H-E-L-L-O (Infra-Sound/Structure), June 7, 2014, New Orleans, Louisiana, USA
Did you know that female elephants emit growls so low that human ears cannot hear them? Like infrared light, the sonic vibrations of infrasound escape the range of human detection. Maybe it’s a good idea, as we move through our cities, to focus on the sounds we hear with the same level of attentiveness we apply to what we see. In the low frequencies, sound can travel far or travel loud, but it’s difficult for it to do both. This sonic handicap is an apt metaphor for tactics of social justice and protest. It is through sound, bass more specifically, that humans access their sixth sense: the ability to feel vibrations.
H-E-L-L-O enlists the lowest musical frequencies to communicate the margins of what is audile, what is visible. Significant sites associated with buried histories, erased communities, communal triumphs, and enduring survival become the stage for a five-note musical improvisation. Nine bass-clef musicians (sousaphone, bari sax, bass sax, contrabassoon, cello, and trombone) perform the five-note sequence made eternal in Steven Spielberg’s 1977 film, Close Encounters of the Third Kind. The film’s place in the contemporary imagination may have waned but its influence on science fiction aesthetics endures. Its title comes from a classification system devised by American astronomer, Dr. Josef Allen Hynek. Born in 1910 in Chicago, Illinois, Dr. Hynek was commissioned as a U.S. Air Force Ufologist from 1947 - 1969. In 1972 he published a book, The “UFO Experience”, which describes three levels of encounters with unidentified flying objects. Close encounters of the third kind are defined as, “UFO encounters in which an animated creature is present. These include humanoids, robots, and humans who seem to be occupants or pilots of a UFO.”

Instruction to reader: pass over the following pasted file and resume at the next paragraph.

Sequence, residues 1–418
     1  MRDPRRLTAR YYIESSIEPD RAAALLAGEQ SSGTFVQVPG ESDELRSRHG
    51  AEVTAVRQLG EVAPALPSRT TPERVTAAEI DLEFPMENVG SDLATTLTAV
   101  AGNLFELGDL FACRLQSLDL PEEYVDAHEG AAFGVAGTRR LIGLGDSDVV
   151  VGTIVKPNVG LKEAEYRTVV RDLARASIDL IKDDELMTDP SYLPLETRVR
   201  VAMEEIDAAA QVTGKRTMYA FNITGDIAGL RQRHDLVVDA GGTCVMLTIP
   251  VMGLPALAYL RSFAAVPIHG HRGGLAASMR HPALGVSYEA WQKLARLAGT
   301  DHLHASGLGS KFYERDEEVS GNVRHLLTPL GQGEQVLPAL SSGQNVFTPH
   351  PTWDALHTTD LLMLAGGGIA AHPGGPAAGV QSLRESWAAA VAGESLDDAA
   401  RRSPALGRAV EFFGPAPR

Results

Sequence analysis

Spielberg’s film features an enigmatic five note sequence: G - A - f - F - G that repeats throughout the narrative eventually becoming legible as a greeting in the film’s final sequence in which the Mothership lands (returning a dozen kidnapped Air Force pilots) and aliens disembark to greet astounded engineers and astronauts with Kodaly sign language.
G - A - F - F - C
H - E - L - L- O
“Hello”, a simple greeting dispensed as an exchange, a furtive gesture of recognition, good-will, and curiosity. One New Orleans constant present throughout its grand history is its indomitable spirit. As a “new” New Orleans emerges and past cultural traditions move to the outer rings of the city rather than nestled within the Mississippi’s crescent bend, there may be some elements of everyday New Orleans to which its inhabitants must say good-bye.
But with an ear pressed to the banks of the Mississippi, one might hear an eternal love song for and from the city’s low end: deep funky electric base lines, crawling river sediment, thundering sousaphones making tree leaves shimmer, a plaintive lion’s roar, a riverboat salutation, the sub-Saharan foot stomp of a captive elephant, or the long slow slide of the trombone. Quite coincidentally, Michael Watson, the trombone player appearing within the first frames of the film, showed up for our tape session wearing a T-shirt (his favorite, he declared) that read: “Listen To Your City.” Listen indeed. And say, “Hello.” — Kelly Gabron.